Secure your hook in the vise as shown, with the hook shank horizontal. Run
a fine foundation of tying thread along the first few millimeters of hook
You will now need some parachute post material. Use the color best suited
for you. It’s also an advantage if the post material floats well. Aero dry
wing material is extremely good but expensive; the Veniard alternative is just
as good and a third of the price.
Cut your post material relative to your hook size. Tie this in as shown at
the correct position for the post. Make sure that you have enough para-post at
the rear of the post to hold onto.
While holding the rear para-post material in one hand, trim off the ends at
a slight angle, so when covered with tying thread they will make a tapered
Even the body with tying thread to create a slight taper. At the very rear
of the hook, make a dubbing loop and return your thread back to the post base.
Make a few turns with tying thread tight into the front of the post so that
it rises 90 degrees from the hook shank.
It helps to strengthen the post by applying a drop of varnish to the base.
Select and prepare a hackle by stripping off the fibers from the base and
along the right side.
Now tie in the hackle at the base of the post. Leave a little bare hackle
stem at the top of the post base. This will help you steer your hackle
correctly when starting to wrap. Return your tying thread to the tie-in point.
Spin a little dubbing on to your tying thread and and start wrapping a
neat tapered body
Finish the dubbed body a few millimeters behind the parachute post.
Using the dubbing loop that you made earlier, twist the loop together so
it makes one strand of tying thread and wrap this in even, open turns up over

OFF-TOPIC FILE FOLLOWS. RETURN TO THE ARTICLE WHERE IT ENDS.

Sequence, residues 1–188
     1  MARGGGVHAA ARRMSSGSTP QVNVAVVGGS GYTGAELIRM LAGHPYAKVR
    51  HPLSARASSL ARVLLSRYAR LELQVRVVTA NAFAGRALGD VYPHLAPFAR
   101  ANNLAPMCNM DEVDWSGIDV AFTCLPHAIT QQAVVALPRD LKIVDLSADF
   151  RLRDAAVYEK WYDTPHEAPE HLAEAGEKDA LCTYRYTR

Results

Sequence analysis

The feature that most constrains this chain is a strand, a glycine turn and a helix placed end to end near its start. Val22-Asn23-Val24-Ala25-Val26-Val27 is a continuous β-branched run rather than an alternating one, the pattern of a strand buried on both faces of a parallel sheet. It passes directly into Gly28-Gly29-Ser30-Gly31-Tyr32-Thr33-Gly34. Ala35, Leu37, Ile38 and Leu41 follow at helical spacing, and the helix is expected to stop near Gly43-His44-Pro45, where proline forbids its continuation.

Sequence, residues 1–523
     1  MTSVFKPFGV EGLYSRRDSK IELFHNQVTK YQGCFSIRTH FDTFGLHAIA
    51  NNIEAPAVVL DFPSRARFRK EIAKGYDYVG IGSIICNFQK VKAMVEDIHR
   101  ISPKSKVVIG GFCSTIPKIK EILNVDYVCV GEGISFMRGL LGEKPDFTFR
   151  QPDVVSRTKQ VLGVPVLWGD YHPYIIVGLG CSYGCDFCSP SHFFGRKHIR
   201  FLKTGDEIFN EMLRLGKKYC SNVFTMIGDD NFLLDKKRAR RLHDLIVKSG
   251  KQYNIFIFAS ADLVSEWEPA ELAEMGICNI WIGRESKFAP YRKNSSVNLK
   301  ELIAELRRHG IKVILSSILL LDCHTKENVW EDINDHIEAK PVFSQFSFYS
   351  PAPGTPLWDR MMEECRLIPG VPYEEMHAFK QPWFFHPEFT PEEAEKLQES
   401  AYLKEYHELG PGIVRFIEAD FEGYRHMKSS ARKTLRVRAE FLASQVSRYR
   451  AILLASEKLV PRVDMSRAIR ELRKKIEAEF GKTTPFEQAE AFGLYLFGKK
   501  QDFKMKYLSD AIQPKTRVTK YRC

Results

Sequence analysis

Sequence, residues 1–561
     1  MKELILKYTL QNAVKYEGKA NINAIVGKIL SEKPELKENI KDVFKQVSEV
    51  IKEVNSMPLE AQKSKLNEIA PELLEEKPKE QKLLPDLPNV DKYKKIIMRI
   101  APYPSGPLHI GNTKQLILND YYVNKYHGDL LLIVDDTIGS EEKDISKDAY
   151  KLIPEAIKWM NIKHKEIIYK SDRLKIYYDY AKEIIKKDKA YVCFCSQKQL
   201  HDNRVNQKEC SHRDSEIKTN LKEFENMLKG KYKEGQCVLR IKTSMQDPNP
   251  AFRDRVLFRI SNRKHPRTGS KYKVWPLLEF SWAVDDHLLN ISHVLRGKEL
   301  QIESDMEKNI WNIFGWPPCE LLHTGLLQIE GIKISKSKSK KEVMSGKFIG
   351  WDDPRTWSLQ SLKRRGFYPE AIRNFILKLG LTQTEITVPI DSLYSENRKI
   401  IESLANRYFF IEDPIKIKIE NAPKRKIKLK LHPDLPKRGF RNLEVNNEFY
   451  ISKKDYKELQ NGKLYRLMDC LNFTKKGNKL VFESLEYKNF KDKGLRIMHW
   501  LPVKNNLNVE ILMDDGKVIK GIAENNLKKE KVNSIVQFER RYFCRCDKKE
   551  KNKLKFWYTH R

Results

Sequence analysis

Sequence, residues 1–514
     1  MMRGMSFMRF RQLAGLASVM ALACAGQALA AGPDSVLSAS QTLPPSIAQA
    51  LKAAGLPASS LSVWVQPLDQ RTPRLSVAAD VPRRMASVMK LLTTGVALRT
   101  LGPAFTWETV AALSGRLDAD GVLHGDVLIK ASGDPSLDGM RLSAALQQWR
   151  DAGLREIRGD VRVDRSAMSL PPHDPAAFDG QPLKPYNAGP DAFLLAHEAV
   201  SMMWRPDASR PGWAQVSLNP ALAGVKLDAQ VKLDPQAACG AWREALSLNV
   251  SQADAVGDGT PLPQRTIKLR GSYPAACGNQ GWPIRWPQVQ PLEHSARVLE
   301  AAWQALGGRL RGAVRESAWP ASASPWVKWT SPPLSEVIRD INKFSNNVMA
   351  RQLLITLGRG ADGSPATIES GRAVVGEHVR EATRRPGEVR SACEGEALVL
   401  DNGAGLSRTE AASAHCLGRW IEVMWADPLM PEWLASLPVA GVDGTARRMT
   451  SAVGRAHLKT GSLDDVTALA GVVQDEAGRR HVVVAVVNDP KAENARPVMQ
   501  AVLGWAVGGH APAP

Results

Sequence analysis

the body to make the rib. Tie off and remove the excess.
Select a nicely marked yellow-dyed partridge hackle.
Coat the hackle with a high-viscosity UV resin as shown.
Now fold the hackle along the stem and make a small ‘V’ cut at the end.
Select your desired color of pheasant tail for the hopper legs.
Cut two small bunches of pheasant tail fibers and tie a knot in each to
make the legs.
Tie in the wing as shown on top of the hook shank close to the post base..
Attach one leg to each side of the wing. Take care that they are the same
Once the legs are secure, take hold of both legs and trim to the correct
length. You can now remove the excess legs material at the hook eye and secure
with a few wraps of tying thread.
Tie in a length of ostrich herl for the thorax.
Wrap the herl forward over the thorax and tie off behind the hook eye.
Whip finish and remove your tying thread.
Remove the hook from the vise and replace as shown. Now reattach your
tying thread to the post base and wind down close to the thorax. Wrap your
hackle down the post, keeping each turn close to the previous. Tie off the
hackle between the thorax and the last turn of hackle. Remove the surplus
You can now trim down the post to the desired length. Use a whip finish
tool to make a finishing knot or two just below the hackle. Take care not to
trap any of the hackle barbules. Just before you tighten your whip finish
knot, place a drop of varnish on your tying thread close to the thorax and
Remove your tying thread and the Klinkhopper is ready to fish.
Klinkhopper from the side.